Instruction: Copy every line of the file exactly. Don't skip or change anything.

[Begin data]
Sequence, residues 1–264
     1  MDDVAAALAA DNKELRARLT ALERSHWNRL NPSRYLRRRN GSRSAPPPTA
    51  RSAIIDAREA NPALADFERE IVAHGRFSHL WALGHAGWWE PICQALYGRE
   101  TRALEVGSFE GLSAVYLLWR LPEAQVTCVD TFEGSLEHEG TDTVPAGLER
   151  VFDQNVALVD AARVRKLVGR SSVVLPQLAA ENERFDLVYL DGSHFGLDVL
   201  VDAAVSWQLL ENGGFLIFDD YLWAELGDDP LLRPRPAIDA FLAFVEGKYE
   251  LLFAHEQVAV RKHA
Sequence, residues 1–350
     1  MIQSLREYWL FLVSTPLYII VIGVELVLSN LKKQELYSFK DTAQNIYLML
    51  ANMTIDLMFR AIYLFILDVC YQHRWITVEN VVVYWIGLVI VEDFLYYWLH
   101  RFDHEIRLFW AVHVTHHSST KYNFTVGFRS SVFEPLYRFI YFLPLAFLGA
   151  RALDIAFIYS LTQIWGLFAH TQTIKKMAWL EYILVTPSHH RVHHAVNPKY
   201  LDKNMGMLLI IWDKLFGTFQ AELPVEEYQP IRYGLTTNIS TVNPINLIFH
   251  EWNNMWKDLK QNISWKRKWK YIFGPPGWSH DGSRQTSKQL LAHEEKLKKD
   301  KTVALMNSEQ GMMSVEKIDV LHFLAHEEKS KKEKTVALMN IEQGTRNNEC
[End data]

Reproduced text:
Sequence, residues 1–264
     1  MDDVAAALAA DNKELRARLT ALERSHWNRL NPSRYLRRRN GSRSAPPPTA
    51  RSAIIDAREA NPALADFERE IVAHGRFSHL WALGHAGWWE PICQALYGRE
   101  TRALEVGSFE GLSAVYLLWR LPEAQVTCVD TFEGSLEHEG TDTVPAGLER
   151  VFDQNVALVD AARVRKLVGR SSVVLPQLAA ENERFDLVYL DGSHFGLDVL
   201  VDAAVSWQLL ENGGFLIFDD YLWAELGDDP LLRPRPAIDA FLAFVEGKYE
   251  LLFAHEQVAV RKHA
Sequence, residues 1–350
     1  MIQSLREYWL FLVSTPLYII VIGVELVLSN LKKQELYSFK DTAQNIYLML
    51  ANMTIDLMFR AIYLFILDVC YQHRWITVEN VVVYWIGLVI VEDFLYYWLH
   101  RFDHEIRLFW AVHVTHHSST KYNFTVGFRS SVFEPLYRFI YFLPLAFLGA
   151  RALDIAFIYS LTQIWGLFAH TQTIKKMAWL EYILVTPSHH RVHHAVNPKY
   201  LDKNMGMLLI IWDKLFGTFQ AELPVEEYQP IRYGLTTNIS TVNPINLIFH
   251  EWNNMWKDLK QNISWKRKWK YIFGPPGWSH DGSRQTSKQL LAHEEKLKKD
   301  KTVALMNSEQ GMMSVEKIDV LHFLAHEEKS KKEKTVALMN IEQGTRNNEC